Skirwith Cave

Useful Information

Former show cave trails with debris. ©Tom Calpin.
Location: Ingleton, Yorkshire.
300 m off the Hawes Road (B6255), 1,800 m from the A65 Skipton-Kendal road which passes by Ingleton. Turn off this road and come through Ingleton village, over Storrs Common and you will see Skirwith Farm on the left amid trees. Turn right opposite the farm gate and drive up the road to the large cave car park, in the middle of the field. Do not block gate way, agricultural access is required at all times.
(54.15881063839063, -2.4463043807985505)
Open: closed.
Fee: closed.
Classification: SpeleologyKarst Cave
Light: bring torch
Dimension: L=770 m, A=270 m asl..
Guided tours: L=244 m, D=30 min.
Photography: allowed
Accessibility: no
Bibliography: YRC Committee (1936): Cave Exploration Yorkshire Ramblers' Club Journal Volume 6 Number 22: pp349-357
R H A Stainforth (1965): no title, Speleologist 1, January/February 1965, page 23.
Address: Mr and Mrs Smith, Pemberton Farm, Tatterthorn Lane, Ingleton, Carnforth, LA6 3DS.
As far as we know this information was accurate when it was published (see years in brackets), but may have changed since then.
Please check rates and details directly with the companies in question if you need more recent info.


1934 first explored by locals.
1964 developed as a show cave.
Easter 1965 opened to the public.
1974 show cave closed.


River passage in Skirwith Cave. ©Tom Calpin.

We added Skirwith Cave as a show cave to after Tony Oldham allowed us to use his booklet. See his original description from 1972, the time when the cave was operated as a show cave.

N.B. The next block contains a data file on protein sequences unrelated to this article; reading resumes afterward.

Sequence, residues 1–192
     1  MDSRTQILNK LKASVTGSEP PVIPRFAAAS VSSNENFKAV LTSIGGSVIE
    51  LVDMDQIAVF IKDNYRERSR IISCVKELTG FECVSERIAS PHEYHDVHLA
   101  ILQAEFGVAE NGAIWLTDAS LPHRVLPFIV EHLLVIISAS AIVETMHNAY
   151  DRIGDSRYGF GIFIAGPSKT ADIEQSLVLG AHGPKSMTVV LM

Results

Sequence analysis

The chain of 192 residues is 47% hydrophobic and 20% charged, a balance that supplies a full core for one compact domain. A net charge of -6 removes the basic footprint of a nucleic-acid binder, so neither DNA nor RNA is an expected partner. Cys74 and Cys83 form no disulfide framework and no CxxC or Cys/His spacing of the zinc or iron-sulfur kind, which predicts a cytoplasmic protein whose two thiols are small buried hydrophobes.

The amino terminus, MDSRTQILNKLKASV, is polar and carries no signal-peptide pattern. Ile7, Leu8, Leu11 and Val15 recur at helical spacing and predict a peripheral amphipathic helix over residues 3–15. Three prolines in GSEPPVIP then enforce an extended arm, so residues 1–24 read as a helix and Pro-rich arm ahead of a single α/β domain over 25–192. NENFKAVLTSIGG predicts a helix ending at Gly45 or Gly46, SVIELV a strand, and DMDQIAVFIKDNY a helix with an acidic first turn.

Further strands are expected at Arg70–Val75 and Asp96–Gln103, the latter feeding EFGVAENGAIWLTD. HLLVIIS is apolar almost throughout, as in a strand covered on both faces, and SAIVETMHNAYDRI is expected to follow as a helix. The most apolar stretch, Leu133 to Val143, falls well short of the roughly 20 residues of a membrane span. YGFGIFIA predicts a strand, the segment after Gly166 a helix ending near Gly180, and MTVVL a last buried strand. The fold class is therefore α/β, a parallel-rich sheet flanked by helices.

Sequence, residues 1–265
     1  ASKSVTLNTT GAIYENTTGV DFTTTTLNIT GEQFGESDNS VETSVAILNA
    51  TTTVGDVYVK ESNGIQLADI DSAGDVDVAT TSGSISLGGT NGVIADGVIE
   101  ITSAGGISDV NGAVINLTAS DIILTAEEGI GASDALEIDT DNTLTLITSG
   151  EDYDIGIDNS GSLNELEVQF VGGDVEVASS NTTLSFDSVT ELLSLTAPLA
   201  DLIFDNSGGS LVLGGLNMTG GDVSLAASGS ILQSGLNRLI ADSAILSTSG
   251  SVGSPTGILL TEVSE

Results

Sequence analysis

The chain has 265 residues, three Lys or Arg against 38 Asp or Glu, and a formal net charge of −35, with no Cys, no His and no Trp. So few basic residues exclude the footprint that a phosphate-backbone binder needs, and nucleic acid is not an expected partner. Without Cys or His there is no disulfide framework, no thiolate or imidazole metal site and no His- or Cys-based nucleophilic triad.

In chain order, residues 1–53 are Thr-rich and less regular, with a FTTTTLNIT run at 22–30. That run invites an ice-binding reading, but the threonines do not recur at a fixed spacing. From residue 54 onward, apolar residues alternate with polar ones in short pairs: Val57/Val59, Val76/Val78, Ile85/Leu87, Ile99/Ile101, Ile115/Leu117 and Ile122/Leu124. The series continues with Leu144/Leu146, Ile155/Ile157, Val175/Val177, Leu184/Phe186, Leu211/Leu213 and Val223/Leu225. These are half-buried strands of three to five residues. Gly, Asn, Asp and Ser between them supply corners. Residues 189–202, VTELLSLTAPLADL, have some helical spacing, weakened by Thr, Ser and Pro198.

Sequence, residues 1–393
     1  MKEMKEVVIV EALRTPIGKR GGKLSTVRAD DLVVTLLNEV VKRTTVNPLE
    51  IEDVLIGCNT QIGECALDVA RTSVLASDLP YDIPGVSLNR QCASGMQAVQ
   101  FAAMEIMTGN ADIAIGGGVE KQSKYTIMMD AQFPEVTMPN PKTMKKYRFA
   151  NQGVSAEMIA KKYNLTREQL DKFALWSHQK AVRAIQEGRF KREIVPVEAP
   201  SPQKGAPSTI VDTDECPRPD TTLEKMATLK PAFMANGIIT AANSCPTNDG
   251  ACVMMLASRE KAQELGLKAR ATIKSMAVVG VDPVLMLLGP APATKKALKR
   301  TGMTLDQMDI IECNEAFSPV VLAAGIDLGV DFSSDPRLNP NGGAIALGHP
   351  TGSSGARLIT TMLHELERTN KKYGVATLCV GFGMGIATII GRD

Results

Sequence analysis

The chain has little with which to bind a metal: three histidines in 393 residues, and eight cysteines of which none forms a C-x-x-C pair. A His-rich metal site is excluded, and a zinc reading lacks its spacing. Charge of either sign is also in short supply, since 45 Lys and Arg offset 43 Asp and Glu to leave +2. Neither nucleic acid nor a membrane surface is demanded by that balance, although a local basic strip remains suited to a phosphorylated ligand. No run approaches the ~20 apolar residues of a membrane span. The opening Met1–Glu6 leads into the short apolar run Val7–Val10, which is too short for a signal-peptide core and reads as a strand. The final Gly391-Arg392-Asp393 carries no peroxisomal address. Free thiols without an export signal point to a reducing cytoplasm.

This almost unspoiled cave well known to potholers, was opened to the public in 1964. Great care has been taken to preserve as much of its natural beauty as possible, whilst making it possible for tourists to visit it.

It contains some very fine formations, including long straw stalactites, and some excellent examples of stalactite curtains, hanging realistically from the walls and ceiling. At the end of the show section is a most impressive waterfall.

In places this cave is a little narrow, and in consequence is a great favourite with the younger, more sporting members of a family.

Excavation has revealed remains of humans and animals, thought to be Romano-British.

Text from: Tony and Anne Oldham (1972): Discovering Caves - A guide to the Show Caves of Britain. With kind permission by Tony Oldham.

But since 1972 a lot has changed with this show cave. Only two years after the guidebook was published, the show cave was closed. There are numerous show caves nearby, probably there were just not enough visitors for all of them. Also the cave seems to be a little narrow and quite low at some places which makes it difficult to visit for many ordinary visitors. It was at this time actually compared to CaveBagshawe Cavern, which is a semi-wild cave.

Today the cave has fallen into a state of disrepair. The paths are mostly destroyed, so is the electric light. Some websites call it Skirwith X-Show Cave (say "ex-show cave") because of this.

The cave is accessible for caving clubs after written notice of the planned visit at least one week in advance. As far as we know there are no offers for cave trekking tours.